Lucrezia's mind raced. Here was the means by which she might become independent; her wildest dream. Yet it would disappear unless she married. Quickly. She went to the desk in the corner and scribbled a quick note. She summoned Mignonette, and told her to send the note as quickly as possible to Artemisa. She tried to read while she waited for Artemisa's answer, but it was no use; she ended up pacing by the windows instead. Finally, Mignonette brought her the reply.
Fascinating. Come to lunch, we can have a nice talk.
"Mother, Artemisa has asked me to lunch. May I go?" Lucrezia held her breath.
"Of course, child. Be home by five o'clock; the dinner guests will be arriving around seven and you need time to get ready." Lucrezia suspected her mother wanted plenty of time to dress her; she was sure there would be at least one or two eligible men at dinner.
After a wonderful lunch with the Malfoys, Artemisa and Lucrezia took their tea to Artemisa's own small sitting room.
"So. What is this 'amazing development' that you had to tell me about, in person, today?"
Instead of answering, Lucrezia handed Artemisa the red tube.
"My, this is pretty." Artemisa studied the seal. "This is the crest of the house Peverell -your mother's family." Artemisa withdrew the document, read it, and read it again. When she looked up at Lucrezia, she could not hide her surprise. "Well, well. It seems that you can be as choosy as I in selecting a husband. Provided you don't dawdle." She went to Lucrezia and embraced her. "This is wonderful news! If you are careful, and choose wisely, you will be a very independent woman."
"Yes," said Lucrezia, frowning, "but I've been away at school; I am not well acquainted with many of the eligible men. I met George Weasley, Dominick Longbottom, and Bartholemew Crouch at the ball. I don't know what to think of them really; they all seemed very eager to please, and very fearful of offending. In fact, they were all quite boring. And they don't seem to be that much older than us; even though they had all left Hogwarts by the time we arrived there.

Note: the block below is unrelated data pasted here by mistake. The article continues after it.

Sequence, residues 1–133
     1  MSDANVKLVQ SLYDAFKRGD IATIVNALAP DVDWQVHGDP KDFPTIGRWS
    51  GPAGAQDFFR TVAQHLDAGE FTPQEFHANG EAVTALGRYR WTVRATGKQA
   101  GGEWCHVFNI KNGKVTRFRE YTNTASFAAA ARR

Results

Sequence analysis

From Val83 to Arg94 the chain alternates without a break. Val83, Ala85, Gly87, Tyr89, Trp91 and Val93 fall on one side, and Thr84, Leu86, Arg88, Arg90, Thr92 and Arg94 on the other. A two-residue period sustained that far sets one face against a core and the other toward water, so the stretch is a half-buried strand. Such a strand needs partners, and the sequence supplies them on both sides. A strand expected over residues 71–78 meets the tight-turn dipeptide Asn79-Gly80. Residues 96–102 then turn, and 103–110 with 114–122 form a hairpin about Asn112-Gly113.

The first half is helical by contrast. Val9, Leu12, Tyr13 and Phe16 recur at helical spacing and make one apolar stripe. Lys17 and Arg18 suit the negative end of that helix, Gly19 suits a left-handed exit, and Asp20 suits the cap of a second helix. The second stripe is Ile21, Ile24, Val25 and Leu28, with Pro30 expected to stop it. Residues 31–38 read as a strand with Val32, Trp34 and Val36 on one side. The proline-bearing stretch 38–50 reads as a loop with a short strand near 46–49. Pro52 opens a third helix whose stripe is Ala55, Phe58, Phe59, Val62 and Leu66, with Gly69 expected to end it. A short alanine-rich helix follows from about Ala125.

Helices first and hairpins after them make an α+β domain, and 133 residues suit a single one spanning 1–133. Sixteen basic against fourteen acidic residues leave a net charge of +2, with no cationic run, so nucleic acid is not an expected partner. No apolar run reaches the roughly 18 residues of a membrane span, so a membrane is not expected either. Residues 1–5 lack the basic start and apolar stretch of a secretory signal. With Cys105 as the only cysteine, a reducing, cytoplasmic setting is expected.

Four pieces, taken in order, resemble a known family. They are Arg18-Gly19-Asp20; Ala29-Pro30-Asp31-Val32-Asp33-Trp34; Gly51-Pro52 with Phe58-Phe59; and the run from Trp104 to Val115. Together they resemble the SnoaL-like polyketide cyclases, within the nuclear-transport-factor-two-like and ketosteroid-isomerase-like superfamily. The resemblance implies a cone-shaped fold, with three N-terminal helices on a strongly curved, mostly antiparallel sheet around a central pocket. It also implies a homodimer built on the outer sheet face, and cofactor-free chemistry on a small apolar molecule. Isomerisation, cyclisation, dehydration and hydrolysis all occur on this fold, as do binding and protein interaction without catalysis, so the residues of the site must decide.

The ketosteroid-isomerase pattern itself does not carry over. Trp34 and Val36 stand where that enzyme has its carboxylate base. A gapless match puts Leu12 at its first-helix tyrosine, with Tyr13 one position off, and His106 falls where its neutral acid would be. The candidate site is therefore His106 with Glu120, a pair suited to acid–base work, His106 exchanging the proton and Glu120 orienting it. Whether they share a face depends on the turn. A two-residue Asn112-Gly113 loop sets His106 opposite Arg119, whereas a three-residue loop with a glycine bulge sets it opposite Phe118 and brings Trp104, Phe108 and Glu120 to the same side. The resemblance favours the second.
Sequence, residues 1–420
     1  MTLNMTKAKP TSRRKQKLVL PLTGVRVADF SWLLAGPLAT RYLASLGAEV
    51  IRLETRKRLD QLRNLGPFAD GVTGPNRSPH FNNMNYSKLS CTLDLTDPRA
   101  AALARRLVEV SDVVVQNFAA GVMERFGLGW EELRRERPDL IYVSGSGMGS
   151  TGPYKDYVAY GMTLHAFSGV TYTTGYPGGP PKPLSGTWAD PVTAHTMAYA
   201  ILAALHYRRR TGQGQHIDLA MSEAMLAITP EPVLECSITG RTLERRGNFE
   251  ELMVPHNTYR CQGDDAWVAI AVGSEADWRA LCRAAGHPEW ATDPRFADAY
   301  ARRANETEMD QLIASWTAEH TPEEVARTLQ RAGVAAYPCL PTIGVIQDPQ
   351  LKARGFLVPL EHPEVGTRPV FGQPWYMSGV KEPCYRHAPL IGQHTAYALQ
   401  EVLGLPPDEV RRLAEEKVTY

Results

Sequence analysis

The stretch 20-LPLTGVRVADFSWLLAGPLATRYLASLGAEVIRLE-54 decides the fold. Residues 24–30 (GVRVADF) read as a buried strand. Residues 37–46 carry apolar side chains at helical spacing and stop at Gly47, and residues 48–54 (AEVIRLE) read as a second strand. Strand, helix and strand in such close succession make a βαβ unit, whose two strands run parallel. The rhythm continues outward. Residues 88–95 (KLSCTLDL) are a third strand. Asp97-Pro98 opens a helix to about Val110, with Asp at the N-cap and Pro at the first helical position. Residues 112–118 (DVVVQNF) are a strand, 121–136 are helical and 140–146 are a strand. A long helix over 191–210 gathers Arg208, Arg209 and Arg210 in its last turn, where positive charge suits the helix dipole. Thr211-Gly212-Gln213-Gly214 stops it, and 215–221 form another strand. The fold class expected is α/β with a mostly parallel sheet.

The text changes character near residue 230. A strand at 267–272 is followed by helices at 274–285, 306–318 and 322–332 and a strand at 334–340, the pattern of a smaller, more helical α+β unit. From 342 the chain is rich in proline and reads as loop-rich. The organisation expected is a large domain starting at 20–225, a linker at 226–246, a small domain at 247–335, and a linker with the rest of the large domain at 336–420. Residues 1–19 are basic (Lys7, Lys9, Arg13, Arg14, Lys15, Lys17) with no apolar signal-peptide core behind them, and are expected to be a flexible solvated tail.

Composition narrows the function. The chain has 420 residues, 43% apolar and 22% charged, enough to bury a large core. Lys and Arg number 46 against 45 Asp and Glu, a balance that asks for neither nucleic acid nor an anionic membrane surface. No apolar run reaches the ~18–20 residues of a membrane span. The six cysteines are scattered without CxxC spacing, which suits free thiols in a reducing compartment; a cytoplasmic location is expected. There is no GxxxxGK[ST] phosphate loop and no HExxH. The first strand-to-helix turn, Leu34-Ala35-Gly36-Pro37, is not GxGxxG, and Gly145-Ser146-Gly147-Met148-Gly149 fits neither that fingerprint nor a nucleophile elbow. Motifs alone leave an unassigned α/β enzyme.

"I've known Roget Lestrange my whole life; I could not marry him; it would be like marrying Constantine." Both girls shuddered at the thought and gulped their tea.
"I don't know much more than you," Artemisa mused, "I have heard that George Weasley is very involved in developing some experimental charm for flying carpets or something. Dominick Longbottom and Bartholemew Crouch seem inseparable; I have never seen one, even on private business, without the other."
Lucrezia giggled. "We should marry them; then we could be together always, too!" Lucrezia grew thoughtful. "Anywise, we will have plenty of time to know them better. I suspect that, whenever we turn around, there they will all be. Whomever I marry, you will always be welcome in my home; no invitation is necessary. You are an immensely better sister than Edwilda; sometimes I wonder if the Nursery-elf didn't drop her on her head when she was a baby, she is so …slow to understand. And Constantine..." Lucrezia made a disgusted face.
"Two unsavory siblings are better than five brothers. I will be very glad to have my own house; I've had my fill of tripping over Quaffles and toy brooms. We will stay close, even if our husbands hate each other." Artemisa rolled the legacy document, and inserted it back into the tube. "Your independence, miss. Congratulations." She raised her teacup to Lucrezia. "May no man ever replace one of us in the other's affections."
Lucrezia raised her own cup. "Hear, hear! An unruly husband can be …done away with. A true friend can never be replaced." The mantle clock struck four. Lucrezia sighed. "I really must go home, now; mother has some important people coming to dinner tonight and she will want to groom me."
Artemisa laughed. "Good afternoon, dear. Give my love to Constantine; if he is mooning over me tonight perhaps he will be halfway civil. Good luck, have a lovely dinner. You may not be dining at home again for quite a while." Lucrezia kissed her on both cheeks and left for home.